From the Economic Justice Task Force:
How Did the Rich Get Richer and Middle Class Get Left Behind? (July 2013 CUCC Newsletter)
In a blog on June 17th, Stephen Strauss, an adjunct lecturer of public policy at the Harvard Kennedy School, asked, “Why Let a Bank Write U. S. Financial Reform Legislation?” Congress has opened the way for one of the big banks that was bailed-out despite its acts of fraud and mismanagement to draft new reform legislation. The only reason, Strauss posits, was because this big bank had “experience.” Here then is another case-in point of how politics and the financial sector have come together in “organized combat” that has resulted in an endangered middle-class. At the same time it has made the rich richer.
This “Thirty-year War” is the subject of an enlightening work: Winner-Take-All Politics: How Washington Made the Rich Richer-And Turned its Back on the Middle-Class. Published in 2010 by Jacob Hacker and Paul Pierson, professors of Political Science at Yale and UCLA Berkeley respectively, we commend it to you for consideration. Their research covers the thirty-year period prior to the economic collapse in 2007-2008 and highlights the reasons for the widening gap between the rich/poor and the ‘have and havenots.’ They point to the sharp increase in wealth inequality in recent years. They note the current discussion about recovery which continues among economists who are divided between a more liberal, Keynesian notion of spending during downturns and more conservative economists who advocate tax cuts for the wealthy that would result in a trickle-down effect in bad times. However, the authors focus instead on the impact of the relationship of the political realm and Wall Street and the financial sector. We have become aware of the now-familiar 99% and the upper 1%. But how did that happen? Was it just better education or new technology? These latter elements may have contributed to the problem. But the major cause was that politicians in both parties rewrote the rules that created a winner-take-all economy that favors the 1%, granting tax cuts and fewer and looser regulations on financial markets. But in so doing, the middle-class (thought at one time to be the backbone of our economy) lost jobs, wages and salaries stagnated, mortgage defaults increased, and many lives were severely interrupted. Money became more important to political campaigns. Citizen’s United opened the floodgate of funds going to candidates.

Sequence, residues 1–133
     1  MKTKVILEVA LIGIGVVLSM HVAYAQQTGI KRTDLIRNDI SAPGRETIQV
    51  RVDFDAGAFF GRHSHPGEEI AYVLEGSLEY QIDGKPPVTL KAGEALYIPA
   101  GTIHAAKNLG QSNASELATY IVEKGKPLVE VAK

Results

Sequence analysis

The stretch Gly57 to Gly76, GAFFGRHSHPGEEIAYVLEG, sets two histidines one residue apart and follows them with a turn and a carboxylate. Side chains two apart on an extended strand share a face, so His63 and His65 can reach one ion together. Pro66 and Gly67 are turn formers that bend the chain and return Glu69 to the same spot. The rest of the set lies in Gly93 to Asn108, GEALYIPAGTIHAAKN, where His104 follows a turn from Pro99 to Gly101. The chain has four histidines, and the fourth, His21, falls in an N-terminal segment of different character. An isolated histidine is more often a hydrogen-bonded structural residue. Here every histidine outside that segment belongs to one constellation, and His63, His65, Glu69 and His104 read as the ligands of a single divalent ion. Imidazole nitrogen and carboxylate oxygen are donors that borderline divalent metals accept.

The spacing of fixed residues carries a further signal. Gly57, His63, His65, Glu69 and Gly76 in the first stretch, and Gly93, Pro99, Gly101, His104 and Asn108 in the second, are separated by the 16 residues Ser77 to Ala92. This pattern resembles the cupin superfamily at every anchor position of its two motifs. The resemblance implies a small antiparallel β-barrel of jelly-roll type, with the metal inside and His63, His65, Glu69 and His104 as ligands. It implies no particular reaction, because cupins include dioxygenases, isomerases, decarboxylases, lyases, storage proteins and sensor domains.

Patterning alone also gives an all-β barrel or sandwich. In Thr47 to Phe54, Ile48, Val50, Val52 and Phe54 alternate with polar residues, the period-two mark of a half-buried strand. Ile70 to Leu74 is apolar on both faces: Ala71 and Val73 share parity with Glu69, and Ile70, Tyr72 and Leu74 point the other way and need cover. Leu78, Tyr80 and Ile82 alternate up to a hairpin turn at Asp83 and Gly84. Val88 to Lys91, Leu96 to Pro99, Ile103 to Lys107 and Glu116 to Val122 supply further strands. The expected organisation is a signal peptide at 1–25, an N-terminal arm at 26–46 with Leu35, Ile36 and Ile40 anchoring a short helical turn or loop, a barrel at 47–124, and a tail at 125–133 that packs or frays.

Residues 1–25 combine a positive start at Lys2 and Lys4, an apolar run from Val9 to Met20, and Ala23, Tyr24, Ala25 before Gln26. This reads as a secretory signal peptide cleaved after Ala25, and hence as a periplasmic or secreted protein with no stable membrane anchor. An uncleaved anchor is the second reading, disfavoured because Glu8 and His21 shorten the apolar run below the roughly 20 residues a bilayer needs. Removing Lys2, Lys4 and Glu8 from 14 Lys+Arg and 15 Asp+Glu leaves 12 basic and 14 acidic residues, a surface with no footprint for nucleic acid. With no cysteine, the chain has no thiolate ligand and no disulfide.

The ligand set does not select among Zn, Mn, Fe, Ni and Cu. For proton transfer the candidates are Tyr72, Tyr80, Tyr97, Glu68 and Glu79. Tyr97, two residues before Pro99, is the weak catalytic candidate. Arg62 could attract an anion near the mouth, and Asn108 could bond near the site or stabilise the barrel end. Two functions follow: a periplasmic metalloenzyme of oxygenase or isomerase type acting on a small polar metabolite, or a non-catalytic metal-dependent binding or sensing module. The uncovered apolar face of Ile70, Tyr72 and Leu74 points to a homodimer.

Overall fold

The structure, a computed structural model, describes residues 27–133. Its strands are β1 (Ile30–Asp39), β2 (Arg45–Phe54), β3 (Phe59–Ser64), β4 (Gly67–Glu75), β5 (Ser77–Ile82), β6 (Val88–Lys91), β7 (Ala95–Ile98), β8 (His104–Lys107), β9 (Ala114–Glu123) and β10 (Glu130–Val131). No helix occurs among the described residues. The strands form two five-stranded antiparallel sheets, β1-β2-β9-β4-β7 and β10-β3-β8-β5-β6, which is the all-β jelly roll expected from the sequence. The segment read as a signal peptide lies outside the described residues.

And, as we started this note, at least one big bank and Congress are coming together to draft new financial reform legislation. (That’s a little bit akin to putting the fox in to guard the henhouse!) The authors note briefly, “The banks are organized; its customers are not.” They refer to this process as “engineered inequality” in which we now have a small number of financial elite and (perhaps) only a remnant of a middle-class. Their conclusion is that a broken political system got us into this position, but the political system will of necessity get us out. But that will not be overnight.
(For a discussion with the authors, see the Bill Moyers, Moyers and Company program, January 17, 2012.)
Submitted by Don Birt (EJTF)